There is no magic medicine solution that can make us healthier on the long run like good old exercising can. Even just a few days at the gym per week can make your body stronger and much healthier, thus reducing the exposure to various diseases.
Regular exercising can greatly reduce the risk of heart disease, diabetes and several types of cancers. Many people have tried to increase the quality of their lifestyle through “active travel” which includes cycling or walking. However, due to the high levels of pollutants in the air, is this alternative commuting really that healthy? Many people are actually more concerned for their health while walking or cycling to work in our urban environments.
Over the past few decades, air pollution has become one of the major environmental risks for our health. According to World Health Organization, there were 3.7 million premature deaths in 2012 all around the world, due to ambient air pollution. Additionally, recently in Australia it has been reported that 1.5% of all deaths are related to long-term exposure to air pollution in urban areas and 0.8% to short-term ones.
According to several studies from earlier this year, air pollutants kill over 5 million people every year. While walking or cycling to work, more air is inhaled than when you are just sitting in your car or train. All the huffing and puffing on your bicycle makes you breathe in much more air, thus inhaling toxic pollutants which later lead to some severe respiratory problems.
Additionally, researchers have calculated the “breaking point” which represents the point when the cycling is no more beneficial for the health, but it does more harm. However, that point occurs only after cycling for more than 60 minutes per day.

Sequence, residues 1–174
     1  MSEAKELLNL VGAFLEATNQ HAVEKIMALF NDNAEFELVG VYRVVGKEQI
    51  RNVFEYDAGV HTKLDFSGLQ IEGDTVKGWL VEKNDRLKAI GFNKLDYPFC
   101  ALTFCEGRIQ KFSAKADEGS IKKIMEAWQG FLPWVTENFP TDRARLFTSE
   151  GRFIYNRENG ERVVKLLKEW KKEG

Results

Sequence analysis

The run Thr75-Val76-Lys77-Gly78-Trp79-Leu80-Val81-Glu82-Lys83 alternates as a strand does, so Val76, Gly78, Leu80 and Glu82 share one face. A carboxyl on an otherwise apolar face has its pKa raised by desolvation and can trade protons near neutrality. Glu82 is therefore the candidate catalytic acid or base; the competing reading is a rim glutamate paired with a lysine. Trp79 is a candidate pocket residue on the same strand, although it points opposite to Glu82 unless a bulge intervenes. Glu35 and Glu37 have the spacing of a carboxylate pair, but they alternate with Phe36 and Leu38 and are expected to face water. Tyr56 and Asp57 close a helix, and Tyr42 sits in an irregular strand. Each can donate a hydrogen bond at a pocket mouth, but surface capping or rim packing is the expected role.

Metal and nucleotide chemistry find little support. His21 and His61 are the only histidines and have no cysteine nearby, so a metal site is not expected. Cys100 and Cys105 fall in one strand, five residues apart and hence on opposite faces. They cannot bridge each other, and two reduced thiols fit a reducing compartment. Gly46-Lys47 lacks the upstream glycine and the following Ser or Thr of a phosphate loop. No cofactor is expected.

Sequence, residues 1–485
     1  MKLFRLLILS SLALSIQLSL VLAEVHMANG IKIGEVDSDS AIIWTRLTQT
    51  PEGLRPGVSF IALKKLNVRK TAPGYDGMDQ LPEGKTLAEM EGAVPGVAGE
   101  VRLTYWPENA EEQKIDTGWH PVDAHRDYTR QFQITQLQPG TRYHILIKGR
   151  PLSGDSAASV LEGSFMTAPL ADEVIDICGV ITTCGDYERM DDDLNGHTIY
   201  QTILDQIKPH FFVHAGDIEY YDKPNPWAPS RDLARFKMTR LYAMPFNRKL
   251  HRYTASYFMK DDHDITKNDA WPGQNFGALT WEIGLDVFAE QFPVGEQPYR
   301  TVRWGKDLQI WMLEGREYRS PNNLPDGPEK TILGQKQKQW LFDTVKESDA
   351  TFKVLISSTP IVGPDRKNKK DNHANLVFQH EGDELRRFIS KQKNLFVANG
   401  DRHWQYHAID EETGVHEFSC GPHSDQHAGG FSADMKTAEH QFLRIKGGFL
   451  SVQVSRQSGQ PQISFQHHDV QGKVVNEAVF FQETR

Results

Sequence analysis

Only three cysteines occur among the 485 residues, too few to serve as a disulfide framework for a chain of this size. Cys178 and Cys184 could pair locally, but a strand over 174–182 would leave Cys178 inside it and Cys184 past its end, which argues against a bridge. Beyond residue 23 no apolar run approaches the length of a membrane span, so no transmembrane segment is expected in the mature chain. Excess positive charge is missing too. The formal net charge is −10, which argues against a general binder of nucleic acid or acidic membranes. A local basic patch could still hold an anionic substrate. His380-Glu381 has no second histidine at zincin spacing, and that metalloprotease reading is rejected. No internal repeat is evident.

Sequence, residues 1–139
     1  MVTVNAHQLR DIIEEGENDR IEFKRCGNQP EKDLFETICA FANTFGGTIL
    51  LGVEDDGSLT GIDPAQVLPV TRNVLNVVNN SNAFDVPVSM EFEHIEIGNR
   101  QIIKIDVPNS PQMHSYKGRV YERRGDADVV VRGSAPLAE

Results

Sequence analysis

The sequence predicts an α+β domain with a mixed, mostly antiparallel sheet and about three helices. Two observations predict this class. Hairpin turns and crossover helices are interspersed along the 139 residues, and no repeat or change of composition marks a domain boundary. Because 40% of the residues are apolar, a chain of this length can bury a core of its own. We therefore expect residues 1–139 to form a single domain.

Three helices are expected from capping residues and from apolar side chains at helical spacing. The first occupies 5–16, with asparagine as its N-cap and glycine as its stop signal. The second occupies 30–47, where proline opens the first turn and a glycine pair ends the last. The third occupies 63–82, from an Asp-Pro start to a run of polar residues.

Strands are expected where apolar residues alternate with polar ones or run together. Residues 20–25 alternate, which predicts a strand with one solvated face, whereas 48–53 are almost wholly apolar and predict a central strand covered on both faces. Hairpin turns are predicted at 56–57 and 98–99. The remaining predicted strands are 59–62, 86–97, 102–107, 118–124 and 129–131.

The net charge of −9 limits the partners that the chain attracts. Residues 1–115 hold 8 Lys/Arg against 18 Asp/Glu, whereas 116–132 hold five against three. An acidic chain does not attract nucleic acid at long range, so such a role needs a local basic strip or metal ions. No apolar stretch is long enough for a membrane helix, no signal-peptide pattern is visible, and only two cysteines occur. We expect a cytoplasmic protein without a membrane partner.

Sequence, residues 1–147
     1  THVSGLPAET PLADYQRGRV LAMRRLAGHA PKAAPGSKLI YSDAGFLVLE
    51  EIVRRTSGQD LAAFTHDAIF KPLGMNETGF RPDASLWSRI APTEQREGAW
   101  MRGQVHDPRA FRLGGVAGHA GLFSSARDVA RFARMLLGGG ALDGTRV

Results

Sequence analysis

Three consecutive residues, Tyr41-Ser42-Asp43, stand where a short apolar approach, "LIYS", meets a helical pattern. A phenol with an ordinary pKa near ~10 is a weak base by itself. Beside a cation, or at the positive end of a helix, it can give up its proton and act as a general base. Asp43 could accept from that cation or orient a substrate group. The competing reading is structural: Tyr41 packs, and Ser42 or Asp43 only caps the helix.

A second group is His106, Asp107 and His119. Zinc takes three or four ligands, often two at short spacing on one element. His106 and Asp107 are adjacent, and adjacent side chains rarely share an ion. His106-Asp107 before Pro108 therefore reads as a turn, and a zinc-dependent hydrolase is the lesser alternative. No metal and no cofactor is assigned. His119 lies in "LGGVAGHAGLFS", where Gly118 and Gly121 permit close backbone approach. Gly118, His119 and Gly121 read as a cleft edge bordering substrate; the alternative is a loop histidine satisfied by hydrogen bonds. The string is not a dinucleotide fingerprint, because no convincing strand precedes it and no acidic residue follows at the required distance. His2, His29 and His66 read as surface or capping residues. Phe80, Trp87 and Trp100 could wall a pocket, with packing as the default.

Since people try to increase the quality of their lives by cycling and walking to work or school, they have tried several protection measures from the pollution. Mostly, people wear masks to protect their respiratory systems and try to inhale as least polluted air as possible. This helps them reduce the muck on their faces and noses. Another possible solution is opting for faster bicycles. The less time you spend behind a car or the least you huff and puff, the inhaled pollutants will reduce. That is why many people consider it convenient to find electric bikes in Sydney shops. Since these are electric and do not require a lot of pedaling, you automatically inhale less polluted air.
However, even though long-term exposure to the air pollution can be harmful, according to the latest studies, everyday cycling and exercises outweighs the negative effects on health of those pollutants. The study was done by scientists in Spain, Brazil and Switzerland and the Universities of Cambridge and Edinburgh and Imperial College London in the UK. They have showed that even in the most polluted cities of the world, such as Delhi and London, regular cycling and physical activity can outweigh polluted air effects.
Scientists used computer simulation in order to assess the risks and benefits for different intensities and duration of active travelling exposed to different air pollution levels in locations around the world. What the results have shown is that the benefits outweigh the risks. Such results should encourage people to get out of their cars and not to be afraid of cycling and walking to work. What is more, fewer cars on the street can only result in less pollution.
With this study, the policy makers should consider changing the way of planning their infrastructures, and more politicians and public figures should now promote cycling and regular physical activity in order to show people how to live healthier.